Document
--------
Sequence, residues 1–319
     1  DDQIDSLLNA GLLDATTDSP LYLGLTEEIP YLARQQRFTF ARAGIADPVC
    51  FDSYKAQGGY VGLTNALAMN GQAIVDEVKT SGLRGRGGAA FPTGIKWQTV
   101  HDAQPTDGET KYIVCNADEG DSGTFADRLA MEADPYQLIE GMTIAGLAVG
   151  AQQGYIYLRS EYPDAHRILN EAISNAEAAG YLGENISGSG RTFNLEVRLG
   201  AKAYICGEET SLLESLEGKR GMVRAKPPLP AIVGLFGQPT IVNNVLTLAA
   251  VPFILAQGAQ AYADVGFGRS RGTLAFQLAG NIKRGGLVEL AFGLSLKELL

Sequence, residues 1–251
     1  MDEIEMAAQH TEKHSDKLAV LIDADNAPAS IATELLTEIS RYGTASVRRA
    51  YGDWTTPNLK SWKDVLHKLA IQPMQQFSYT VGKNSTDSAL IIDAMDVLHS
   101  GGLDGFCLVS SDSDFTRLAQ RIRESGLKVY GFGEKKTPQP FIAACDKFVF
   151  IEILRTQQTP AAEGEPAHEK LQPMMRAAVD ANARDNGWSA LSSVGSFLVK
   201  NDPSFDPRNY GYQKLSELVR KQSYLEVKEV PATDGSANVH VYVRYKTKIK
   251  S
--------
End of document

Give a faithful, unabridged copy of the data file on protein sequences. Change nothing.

Sequence, residues 1–319
     1  DDQIDSLLNA GLLDATTDSP LYLGLTEEIP YLARQQRFTF ARAGIADPVC
    51  FDSYKAQGGY VGLTNALAMN GQAIVDEVKT SGLRGRGGAA FPTGIKWQTV
   101  HDAQPTDGET KYIVCNADEG DSGTFADRLA MEADPYQLIE GMTIAGLAVG
   151  AQQGYIYLRS EYPDAHRILN EAISNAEAAG YLGENISGSG RTFNLEVRLG
   201  AKAYICGEET SLLESLEGKR GMVRAKPPLP AIVGLFGQPT IVNNVLTLAA
   251  VPFILAQGAQ AYADVGFGRS RGTLAFQLAG NIKRGGLVEL AFGLSLKELL

Sequence, residues 1–251
     1  MDEIEMAAQH TEKHSDKLAV LIDADNAPAS IATELLTEIS RYGTASVRRA
    51  YGDWTTPNLK SWKDVLHKLA IQPMQQFSYT VGKNSTDSAL IIDAMDVLHS
   101  GGLDGFCLVS SDSDFTRLAQ RIRESGLKVY GFGEKKTPQP FIAACDKFVF
   151  IEILRTQQTP AAEGEPAHEK LQPMMRAAVD ANARDNGWSA LSSVGSFLVK
   201  NDPSFDPRNY GYQKLSELVR KQSYLEVKEV PATDGSANVH VYVRYKTKIK
   251  S